How does the synthetic click event differ from the usual one in JavaScript frameworks?

How does the synthetic click event differ from the usual one in JavaScript frameworks?

Today, it has become less standard to use synthetic events in modern js frameworks than the usual addEventListener. But how do these events work? In this article, I will try to use the example of a click in Cample.js version 3.2.0-beta.1 to talk about it.

First of all, when it comes to working with events, it is obvious that we are talking about the addEventListener construct, which looks like this:

element.addEventListener("событие", "функция", useCapture или options);

But is it that fast? As it turned out, it is not fast because of the specifics of the work.

When it comes to frameworks, every second of work counts, because it is theoretically thousands of saved hours of using sites or web applications.

Therefore, it was necessary to come up with an alternative that would replace this approach with a faster one.

The most banal idea of ​​events on the site – something produces an action, be it a mouse or a keyboard, and javascript calls a function that triggers on this event. Then there is a need for two things – to process the event and to store it somewhere. But where?

If we go back a little, we must remember that the DOM element is, one might say, an object with its own properties. It has the text, it has the next element and the previous element, etc. So what if the function is stored in the DOM element (object) itself? This immediately solves two problems: how to understand “what to call the function?” and “where to store it?”.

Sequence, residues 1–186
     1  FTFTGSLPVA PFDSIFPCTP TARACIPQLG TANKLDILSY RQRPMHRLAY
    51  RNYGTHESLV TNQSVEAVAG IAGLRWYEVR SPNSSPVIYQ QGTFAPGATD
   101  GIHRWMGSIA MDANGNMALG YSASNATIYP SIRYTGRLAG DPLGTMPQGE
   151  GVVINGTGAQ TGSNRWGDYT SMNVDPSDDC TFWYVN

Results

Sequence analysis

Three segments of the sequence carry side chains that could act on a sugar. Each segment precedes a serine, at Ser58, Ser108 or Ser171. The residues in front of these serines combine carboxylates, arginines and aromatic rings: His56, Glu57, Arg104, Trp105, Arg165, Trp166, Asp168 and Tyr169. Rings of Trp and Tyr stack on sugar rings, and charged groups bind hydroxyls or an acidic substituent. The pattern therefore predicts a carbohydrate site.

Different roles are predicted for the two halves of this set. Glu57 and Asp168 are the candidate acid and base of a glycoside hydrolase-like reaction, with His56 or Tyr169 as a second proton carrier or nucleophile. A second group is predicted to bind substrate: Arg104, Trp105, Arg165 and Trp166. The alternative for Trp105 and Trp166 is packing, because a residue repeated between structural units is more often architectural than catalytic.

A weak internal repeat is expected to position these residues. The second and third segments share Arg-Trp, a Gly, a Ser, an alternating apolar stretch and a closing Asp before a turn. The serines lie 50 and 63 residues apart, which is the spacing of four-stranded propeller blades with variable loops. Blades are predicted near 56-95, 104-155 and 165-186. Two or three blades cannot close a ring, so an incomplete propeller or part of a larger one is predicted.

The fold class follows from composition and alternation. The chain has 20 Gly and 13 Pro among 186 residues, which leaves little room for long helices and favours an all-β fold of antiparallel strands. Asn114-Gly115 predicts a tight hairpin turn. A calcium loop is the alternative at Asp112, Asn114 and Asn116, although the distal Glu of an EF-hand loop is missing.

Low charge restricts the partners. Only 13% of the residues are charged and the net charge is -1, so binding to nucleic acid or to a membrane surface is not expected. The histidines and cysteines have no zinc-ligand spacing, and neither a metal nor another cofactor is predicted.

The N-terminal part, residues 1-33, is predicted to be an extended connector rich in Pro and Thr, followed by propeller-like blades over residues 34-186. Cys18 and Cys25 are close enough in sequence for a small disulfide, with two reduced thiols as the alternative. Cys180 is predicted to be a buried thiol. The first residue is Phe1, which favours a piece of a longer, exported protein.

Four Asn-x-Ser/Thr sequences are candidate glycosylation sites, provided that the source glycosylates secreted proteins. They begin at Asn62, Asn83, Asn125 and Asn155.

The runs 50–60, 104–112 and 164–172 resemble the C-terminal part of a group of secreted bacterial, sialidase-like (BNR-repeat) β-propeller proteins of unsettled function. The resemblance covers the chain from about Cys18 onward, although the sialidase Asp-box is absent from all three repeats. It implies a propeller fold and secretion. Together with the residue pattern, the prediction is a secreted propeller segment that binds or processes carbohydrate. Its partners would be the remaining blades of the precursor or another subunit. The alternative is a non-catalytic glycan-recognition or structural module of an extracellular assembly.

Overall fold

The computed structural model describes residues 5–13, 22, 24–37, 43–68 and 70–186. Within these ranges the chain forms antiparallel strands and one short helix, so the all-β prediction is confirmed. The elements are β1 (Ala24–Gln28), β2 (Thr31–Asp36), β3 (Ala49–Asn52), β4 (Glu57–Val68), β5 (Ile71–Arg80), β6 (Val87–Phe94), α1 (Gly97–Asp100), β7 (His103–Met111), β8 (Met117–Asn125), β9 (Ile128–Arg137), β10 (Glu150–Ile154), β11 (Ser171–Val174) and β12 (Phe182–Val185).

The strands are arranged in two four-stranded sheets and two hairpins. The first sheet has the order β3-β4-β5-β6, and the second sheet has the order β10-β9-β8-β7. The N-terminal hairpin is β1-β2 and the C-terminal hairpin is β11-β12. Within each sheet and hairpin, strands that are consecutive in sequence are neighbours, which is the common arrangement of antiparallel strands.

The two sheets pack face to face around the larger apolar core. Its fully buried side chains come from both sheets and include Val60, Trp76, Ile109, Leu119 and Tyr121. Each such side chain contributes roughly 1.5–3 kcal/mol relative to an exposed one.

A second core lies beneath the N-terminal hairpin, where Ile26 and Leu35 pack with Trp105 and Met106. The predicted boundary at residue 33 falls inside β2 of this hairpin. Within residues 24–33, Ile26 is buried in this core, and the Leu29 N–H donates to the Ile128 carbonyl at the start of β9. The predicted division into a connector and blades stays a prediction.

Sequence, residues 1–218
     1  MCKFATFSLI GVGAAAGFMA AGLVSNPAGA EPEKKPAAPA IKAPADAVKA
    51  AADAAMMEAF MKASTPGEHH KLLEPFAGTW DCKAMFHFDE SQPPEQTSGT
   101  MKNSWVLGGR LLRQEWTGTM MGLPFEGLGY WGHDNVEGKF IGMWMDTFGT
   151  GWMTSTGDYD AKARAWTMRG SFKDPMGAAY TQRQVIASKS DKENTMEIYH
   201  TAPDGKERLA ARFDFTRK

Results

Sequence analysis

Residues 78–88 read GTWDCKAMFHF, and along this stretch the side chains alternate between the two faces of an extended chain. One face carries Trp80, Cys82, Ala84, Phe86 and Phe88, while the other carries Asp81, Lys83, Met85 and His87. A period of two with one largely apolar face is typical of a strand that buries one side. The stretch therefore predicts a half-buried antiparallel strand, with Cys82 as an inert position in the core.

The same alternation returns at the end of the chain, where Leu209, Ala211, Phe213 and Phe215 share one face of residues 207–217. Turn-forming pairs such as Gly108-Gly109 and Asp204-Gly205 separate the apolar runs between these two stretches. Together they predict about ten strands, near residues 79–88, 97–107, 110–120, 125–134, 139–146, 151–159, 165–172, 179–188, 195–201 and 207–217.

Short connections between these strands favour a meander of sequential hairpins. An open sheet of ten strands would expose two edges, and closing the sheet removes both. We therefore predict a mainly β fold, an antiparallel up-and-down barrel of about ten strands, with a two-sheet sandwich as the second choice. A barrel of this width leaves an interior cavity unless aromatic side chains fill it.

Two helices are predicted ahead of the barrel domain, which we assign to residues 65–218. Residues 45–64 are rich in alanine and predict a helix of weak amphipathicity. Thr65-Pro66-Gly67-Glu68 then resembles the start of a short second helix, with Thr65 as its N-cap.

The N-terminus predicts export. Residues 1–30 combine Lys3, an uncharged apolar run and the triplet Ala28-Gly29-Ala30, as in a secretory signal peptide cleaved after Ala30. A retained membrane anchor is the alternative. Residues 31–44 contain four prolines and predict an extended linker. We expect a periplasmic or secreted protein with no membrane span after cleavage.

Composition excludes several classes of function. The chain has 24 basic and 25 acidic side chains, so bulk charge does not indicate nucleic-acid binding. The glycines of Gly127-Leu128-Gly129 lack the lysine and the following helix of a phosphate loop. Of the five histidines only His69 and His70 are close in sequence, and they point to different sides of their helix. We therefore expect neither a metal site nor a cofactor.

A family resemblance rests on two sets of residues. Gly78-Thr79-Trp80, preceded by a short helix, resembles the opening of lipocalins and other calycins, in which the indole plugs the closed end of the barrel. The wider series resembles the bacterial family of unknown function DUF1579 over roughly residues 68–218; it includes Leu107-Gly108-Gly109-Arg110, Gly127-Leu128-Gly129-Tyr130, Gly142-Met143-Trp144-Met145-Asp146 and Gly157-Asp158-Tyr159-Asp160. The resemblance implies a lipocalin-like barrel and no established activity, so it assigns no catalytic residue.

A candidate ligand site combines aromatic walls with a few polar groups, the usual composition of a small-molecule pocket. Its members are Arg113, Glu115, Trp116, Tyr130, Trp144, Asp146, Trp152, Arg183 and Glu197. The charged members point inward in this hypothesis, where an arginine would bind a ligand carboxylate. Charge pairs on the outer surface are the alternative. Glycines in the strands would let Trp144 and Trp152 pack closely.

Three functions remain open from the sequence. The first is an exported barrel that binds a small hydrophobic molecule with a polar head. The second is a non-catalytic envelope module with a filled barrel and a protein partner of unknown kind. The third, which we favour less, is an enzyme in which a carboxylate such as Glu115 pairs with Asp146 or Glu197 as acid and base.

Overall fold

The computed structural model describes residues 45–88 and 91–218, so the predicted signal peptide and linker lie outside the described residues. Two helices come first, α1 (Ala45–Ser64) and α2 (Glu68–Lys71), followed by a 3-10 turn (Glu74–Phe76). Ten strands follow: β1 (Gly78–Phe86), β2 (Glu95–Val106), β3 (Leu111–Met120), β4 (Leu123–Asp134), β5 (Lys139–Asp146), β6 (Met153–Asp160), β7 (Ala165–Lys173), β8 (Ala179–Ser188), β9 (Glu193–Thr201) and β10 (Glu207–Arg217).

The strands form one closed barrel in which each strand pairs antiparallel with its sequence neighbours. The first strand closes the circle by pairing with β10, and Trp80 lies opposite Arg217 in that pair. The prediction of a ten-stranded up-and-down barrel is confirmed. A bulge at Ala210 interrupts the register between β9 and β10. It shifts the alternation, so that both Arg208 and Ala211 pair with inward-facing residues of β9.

That is, roughly speaking, how it looks like:

<div></div>["клик"] = функция;

I agree that it looks strange, but if we get an element via getElementById, for example, and output it to the console as an object, then indeed, it will look something like we assigned a tag property in HTML (of course to an element in the DOM) with the function value.

So, the second problem remains, how to actually handle the click event knowing that we have a function in the DOM element. This is also quite an interesting question, but the implementation will obviously be related to addEventListener, because this method is able to handle events.

Then the question arises, where to put it if it will be slow on the Element in the DOM? There’s also a pretty cool solution here. You can set the event processing directly on the document, and in the properties accept the clicked target. How it would look in javascript theory:

document.addEventListener("click", (e)=>...);

So there’s a function that fires when an element in the document is clicked, and there’s a place where it’s clicked. So, this click location can be a DOM object in which a property with a trigger function has been nested.

For example, in Cample.js, the processing would look like this:

const newEach = each("new-each",
    `<div id="el" :click="{{importedData.fn(data)}}" 

A div element with id “el” will be assigned a function that comes from the imported data. If the document is clicked with the mouse, then this function will be called.

Synthetic processing of the click event in modern frameworks will look like this.

Thank you all for reading this article!

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